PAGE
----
It wouldn’t be right to revel in the achievement of finishing a marathon in those conditions without acknowledging the whole heap of people that supported me. It was a real team effort. Louise, my wife, brought me water. With each lap I needed more and more. By the third lap Louise was meeting me on the course. She did that for each of the next three laps. On the penultimate lap I ran out of water completely. When I saw louise in the distance she was like a vision. I can’t imagine an oasis in the most arid desert being as welcome a sight as her.
Chris her brother played his part too. Despite not being a runner, he ran a full lap with me, 4 miles. His affable nature and gentle chatter helped me ease nicely in to lap 4. I’d miss him on the next lap and I asked him to run the first mile of my final lap run a mile to allow me to take on more water.
brothers in law
My Dad was on hand with sponge to cool me down in the shade of the water station.
Louise combined her water carrying duties to work as podiatrist, fuel giver and bottle filler. I remember Louise’s other brother, Steven, spraying me with sun cream. It helped me no end, but no Brother-in-law should ever be expected to do. I’m sure there were others that helped in lots of other ways that I’ve forgotten. I had a great team there and I’m very lucky. They all kept me going and I couldn’t have done it without them.
We had lots of family on hand to help

We had lots of family on hand to help

 I really loved running with Tim and Daron again. They abandoned their hopes of a good time at the Windermere Marathon to make sure I got round. Sadly, Tim Exley bowed out at 22 miles, due to a knee injury. Congratulations to his son James who finished his first marathon in a smidgen under 5hrs30.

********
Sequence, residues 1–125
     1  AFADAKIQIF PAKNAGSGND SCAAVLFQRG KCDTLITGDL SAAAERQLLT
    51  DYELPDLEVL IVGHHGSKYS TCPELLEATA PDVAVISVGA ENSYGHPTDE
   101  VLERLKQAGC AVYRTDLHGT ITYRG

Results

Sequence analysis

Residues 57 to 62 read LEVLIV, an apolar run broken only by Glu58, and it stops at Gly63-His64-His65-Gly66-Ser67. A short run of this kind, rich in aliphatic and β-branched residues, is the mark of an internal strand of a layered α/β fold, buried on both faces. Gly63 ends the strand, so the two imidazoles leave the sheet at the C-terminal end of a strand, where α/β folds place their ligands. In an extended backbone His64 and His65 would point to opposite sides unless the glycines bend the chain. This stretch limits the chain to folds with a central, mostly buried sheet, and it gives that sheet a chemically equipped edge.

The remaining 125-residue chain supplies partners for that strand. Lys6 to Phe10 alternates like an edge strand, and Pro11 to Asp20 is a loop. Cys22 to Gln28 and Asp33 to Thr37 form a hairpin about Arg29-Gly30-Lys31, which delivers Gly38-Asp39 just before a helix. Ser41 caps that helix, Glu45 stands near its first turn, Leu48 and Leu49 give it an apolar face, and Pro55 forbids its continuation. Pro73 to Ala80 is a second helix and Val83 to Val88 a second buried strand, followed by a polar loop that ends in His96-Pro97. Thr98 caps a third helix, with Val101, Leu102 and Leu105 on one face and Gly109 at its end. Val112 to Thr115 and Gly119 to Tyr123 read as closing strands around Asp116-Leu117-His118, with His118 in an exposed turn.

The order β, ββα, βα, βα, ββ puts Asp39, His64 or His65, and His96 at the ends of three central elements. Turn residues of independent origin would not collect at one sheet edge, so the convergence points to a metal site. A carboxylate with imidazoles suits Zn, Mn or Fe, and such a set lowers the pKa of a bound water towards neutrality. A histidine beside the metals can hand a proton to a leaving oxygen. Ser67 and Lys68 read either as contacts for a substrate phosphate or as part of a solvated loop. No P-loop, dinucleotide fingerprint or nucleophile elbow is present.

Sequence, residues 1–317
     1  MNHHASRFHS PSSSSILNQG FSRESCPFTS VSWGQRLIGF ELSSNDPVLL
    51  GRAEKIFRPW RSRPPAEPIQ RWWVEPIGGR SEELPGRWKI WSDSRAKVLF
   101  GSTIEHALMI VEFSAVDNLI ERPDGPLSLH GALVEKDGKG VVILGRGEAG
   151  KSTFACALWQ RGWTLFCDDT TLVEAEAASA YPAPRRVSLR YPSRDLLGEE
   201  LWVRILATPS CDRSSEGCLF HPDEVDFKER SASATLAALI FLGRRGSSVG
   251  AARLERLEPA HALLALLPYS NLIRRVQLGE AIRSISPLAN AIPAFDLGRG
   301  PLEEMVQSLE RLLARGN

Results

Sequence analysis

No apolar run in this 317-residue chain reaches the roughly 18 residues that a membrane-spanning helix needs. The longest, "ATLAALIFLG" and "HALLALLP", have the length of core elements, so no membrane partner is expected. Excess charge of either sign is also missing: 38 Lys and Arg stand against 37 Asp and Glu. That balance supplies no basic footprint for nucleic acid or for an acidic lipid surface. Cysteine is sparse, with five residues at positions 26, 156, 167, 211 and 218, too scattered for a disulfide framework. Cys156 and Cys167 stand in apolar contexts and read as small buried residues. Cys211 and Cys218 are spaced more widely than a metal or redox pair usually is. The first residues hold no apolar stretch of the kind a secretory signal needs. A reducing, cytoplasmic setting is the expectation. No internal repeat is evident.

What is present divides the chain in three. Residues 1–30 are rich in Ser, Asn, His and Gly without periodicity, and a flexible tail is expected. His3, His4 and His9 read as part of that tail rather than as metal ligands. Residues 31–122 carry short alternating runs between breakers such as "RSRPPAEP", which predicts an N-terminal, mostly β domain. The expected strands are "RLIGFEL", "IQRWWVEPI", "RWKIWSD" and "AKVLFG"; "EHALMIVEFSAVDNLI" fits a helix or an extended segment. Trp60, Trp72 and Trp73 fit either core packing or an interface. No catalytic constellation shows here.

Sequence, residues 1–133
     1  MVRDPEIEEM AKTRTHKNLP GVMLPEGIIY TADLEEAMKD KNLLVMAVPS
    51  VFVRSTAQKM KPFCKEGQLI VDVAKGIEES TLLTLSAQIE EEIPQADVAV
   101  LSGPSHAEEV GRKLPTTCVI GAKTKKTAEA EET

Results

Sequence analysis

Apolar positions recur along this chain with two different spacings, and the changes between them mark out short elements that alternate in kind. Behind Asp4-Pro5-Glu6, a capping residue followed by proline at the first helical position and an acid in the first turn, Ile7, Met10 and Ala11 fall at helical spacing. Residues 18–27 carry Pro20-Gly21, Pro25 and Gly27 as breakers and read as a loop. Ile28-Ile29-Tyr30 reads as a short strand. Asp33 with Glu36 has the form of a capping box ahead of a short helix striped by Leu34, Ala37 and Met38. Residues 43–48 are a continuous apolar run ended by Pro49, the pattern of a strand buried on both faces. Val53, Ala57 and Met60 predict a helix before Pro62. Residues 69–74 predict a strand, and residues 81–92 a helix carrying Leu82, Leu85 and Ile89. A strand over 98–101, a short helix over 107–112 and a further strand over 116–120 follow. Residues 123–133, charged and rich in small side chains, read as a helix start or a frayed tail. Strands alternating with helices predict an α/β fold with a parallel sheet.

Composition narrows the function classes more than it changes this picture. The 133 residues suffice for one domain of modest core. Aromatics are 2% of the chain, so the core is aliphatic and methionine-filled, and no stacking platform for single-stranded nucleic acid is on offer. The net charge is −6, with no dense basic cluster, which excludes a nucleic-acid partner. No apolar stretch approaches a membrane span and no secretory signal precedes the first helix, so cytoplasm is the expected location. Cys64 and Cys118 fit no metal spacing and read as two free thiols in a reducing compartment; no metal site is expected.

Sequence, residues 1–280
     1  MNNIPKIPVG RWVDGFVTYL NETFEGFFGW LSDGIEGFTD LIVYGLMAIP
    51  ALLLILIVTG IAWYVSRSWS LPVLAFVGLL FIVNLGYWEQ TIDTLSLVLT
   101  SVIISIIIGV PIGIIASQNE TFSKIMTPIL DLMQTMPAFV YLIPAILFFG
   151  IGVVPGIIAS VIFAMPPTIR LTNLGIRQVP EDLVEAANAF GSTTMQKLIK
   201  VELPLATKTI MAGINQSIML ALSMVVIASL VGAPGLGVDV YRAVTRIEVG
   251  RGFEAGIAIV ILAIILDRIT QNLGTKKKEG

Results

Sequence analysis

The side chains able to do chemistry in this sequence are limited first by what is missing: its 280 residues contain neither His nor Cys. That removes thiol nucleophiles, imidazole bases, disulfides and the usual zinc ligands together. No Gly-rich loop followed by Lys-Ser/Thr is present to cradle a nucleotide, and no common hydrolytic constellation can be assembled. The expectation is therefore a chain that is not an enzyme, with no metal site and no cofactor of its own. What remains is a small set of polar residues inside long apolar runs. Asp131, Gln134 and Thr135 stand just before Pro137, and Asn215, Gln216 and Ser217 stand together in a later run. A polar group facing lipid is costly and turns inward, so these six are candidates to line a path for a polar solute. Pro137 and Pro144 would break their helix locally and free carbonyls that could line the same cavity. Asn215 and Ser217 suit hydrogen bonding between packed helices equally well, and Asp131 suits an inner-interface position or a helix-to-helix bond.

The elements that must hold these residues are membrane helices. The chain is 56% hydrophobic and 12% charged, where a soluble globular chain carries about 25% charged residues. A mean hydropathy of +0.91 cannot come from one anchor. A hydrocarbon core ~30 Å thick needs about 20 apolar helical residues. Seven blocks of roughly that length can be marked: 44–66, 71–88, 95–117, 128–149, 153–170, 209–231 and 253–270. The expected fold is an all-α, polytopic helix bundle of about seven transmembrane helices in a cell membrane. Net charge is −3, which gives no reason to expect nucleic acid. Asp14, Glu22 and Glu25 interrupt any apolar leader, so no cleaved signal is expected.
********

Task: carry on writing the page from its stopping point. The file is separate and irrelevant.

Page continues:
the four amigos

the four amigos

For such a small race (there were around 75 participants) it was very well organised. The couple that put it together, Dave and Linda Major, clearly know what’s important to a runner and I guess they should. They hold the Guinness World Record for most marathons by a married couple at over 900. Amazing! It really was a great race. I don’t think I’ll ever run a marathon quite like it again. It was certainly an experience and I’m really glad I took part!
With World Record holding race organisers Dave and Linda

With World Record holding race organisers Dave and Linda

Tomorrow, I’m running the 5th marathon of my 6. I’m sad that I’ve already reached the penultimate one. I’ve really enjoyed running these races and these first 4/5 seem to have flown by. I may have struggled a lot, but I’ve enjoyed every second. I can’t wait to get going tomorrow. For the first time ever I am not apprehensive about running 26.2 miles. My last marathon was 14 days ago, but I’ve never felt so strong. I’ve trained hard on the street and in the gym and I really can’t wait to get going. I say this every time, but I really won’t be able to wipe the smile off my face when I line up at the start. And being fitter certainly makes a difference. I’ll enjoy the race more if I don’t struggle, but having said that I’ve learned a lot about my self from having to tough out these marathons. So tomorrow I’m very hopeful of a decent time, which by my standards means anything under 6 hours.
The island is stunning. I was quite unprepared for the beauty of the hills and the incredible views. My first night has been occupied by blogging and social media, but once I’ve got the marathon out of the way tomorrow I plan to throw myself into having a great time with my family and enjoying all this wonderful place has to offer.

2 thoughts on “Glad I’m not a lobster, now on to marathon 5…

  1. Amazing stuff Ben. How time has flown since i welcomed you over the line at your first race in Blackpool.
    The Isle of Man may not give you a fast time but it is a beautiful place.
    Don’t forget to walk over Fairy Bridge and wish the fairies a good day.

    • Time sure has flown Brian. A lot of water under the bridge since then. Really have enjoyed the running and met some wonderful people, Tia and yourself amongst the first. Been blessed I feel very lucky indeed! Not long until the last one in Berlin!